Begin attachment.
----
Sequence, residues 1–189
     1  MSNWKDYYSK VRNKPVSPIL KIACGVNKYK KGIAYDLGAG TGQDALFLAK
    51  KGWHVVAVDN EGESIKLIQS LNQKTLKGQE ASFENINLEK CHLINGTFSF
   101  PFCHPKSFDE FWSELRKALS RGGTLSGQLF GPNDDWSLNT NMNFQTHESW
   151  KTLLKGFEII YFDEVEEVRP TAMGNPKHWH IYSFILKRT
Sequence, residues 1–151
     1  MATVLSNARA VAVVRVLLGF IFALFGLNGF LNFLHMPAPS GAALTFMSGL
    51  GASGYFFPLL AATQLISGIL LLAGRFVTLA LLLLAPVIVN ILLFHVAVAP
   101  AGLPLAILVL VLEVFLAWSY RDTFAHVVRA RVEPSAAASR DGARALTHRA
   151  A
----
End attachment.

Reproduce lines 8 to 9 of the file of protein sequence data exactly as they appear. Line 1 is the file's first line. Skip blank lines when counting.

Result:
    51  GASGYFFPLL AATQLISGIL LLAGRFVTLA LLLLAPVIVN ILLFHVAVAP
   101  AGLPLAILVL VLEVFLAWSY RDTFAHVVRA RVEPSAAASR DGARALTHRA